Sunday, June 30, 2013

lessons learned from prop 8

1. The United States of America is a constitutional republic, not a democracy. California's proposition process is direct democracy. There are many California propositions that have been overturned by courts. "Majority rule" has historically been a poor form of government. The founders of The United States of America knew this, and created a constitutional republic.

2. Most Christians have no idea what "traditional marriage" means in the context of their own religion.  Equating "traditional marriage" to "one man and one woman" is simply not historically accurate by the terms of the Christian religious texts, and only demonstrates the ignorance of the speaker. This is particularly true for the Mormon religion.

3. The influx of cash from supporters of Prop 8 from outside California (i.e., the Mormon Chruch) backfired. The passage of Prop 8 marked the start of a dramatic shift in public opinion about gay marriage. The passage of Prop 8 accelerated the social and legal shift towards gay marriage.

4. People who use slippery-slope arguments have no credibility in any debate.

5. For people who think that being gay is a choice … take a moment and open your mind, and think about the implications if you're wrong about that.  What if it is an immutable characteristic?  Because I'll tell you something … it is.  No one chooses to be gay, or straight.  But we're happy with who we are.

6. There is no "gay agenda."  But gays do have one resource religions do not: Corporate America. Gay marriage is supported by leading Fortune 500 companies. Supporting employee diversity is a big deal. Gay employees demand it, and so do their straight allies.  Not all companies are this progressive, but the better ones are, and desirable prospective employees know this.

7. The train has left the station. There is a generational shift in viewpoints at play with this issue, and those with bigoted viewpoints just need to die off.

Thursday, June 6, 2013

soft skills trainings

Attending an all-day soft skills training about managing one's energy.  My stream of consciousness thoughts:
  • "Bridging the knowing-doing gap" sounds important. Maybe I should implement that.
  • I really dislike shaking hands. Too many people don't wash their hands in the restroom. I don't want to touch them.
  • Sitting all day in a training, after working at a standing desk, feels so unhealthy.
  • The premise is faulty.  Why are our lives so stressful?  Instead of trying to increase capacity to deal with stress, how about decreasing the stress?  GTD, minimalism, elimination.  
  • Why is our life either a marathon or a sprint? Why not aim for a hike in the forest?
  • If I was a woman, I would not wear make-up.
  • Group soft skills trainings are great opportunities to calibrate bullshit detectors.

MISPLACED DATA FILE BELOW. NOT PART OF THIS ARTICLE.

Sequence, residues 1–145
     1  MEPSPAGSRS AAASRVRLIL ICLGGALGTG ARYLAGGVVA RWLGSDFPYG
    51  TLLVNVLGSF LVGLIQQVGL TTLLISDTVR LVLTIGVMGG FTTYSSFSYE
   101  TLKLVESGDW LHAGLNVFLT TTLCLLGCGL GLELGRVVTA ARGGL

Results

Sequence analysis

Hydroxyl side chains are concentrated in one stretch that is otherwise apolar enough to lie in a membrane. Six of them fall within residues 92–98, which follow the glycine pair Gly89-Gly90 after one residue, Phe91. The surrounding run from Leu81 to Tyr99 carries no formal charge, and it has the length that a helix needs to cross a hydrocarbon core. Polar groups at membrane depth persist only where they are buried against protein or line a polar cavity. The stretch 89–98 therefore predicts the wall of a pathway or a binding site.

Tuesday, June 4, 2013

fortune cookie

A coworker of mine made this meme, and when I saw it, I immediately identified with it.

I started off my career doing very routine tax stuff - calculations, tax returns, some minimal research. It was really quite dull.  And then I think about my job now.

Monday, June 3, 2013

phone avoidance

I have an increasing aversion to the telephone. In fact, I gave up my desk phone at work years ago. I am not anti-social. Phone calls just are not part of how I process work. For three reasons:

1. Workflow. I use email for my  workflow (here's how: Phone calls and voicemails do not fit into that effectively. They are interruptive and cannot be prioritized.

2. Record keeping. When I do participate in a phone call, I have to take notes in an email to myself. Otherwise there is little chance I will remember what was discussed once I hang-up the phone. Putting the discussion in email to begin with is more efficient for keeping a history.

3. Involving other people. Most of what I do involves other people. If someone calls me with information, it is likely that I am going to have to relay that information to someone else. And that person may have questions of the caller. Starting an email thread is much more efficient.

Of course there are exceptions to this where phone calls are appropriate and preferred: Emergencies and urgent problems, and conference calls (or video conferences, which we use extensively at Google) where a large group of people need to discuss an issue. But conference calls and video conferences are scheduled, and therefore not disruptive to workflow.

I've also found that some company communication cultures are "phone based" or "email based." Google is very much an email based culture.

I'm thinking about changing my outgoing voicemail message requesting people to send me an email instead of leaving a voicemail.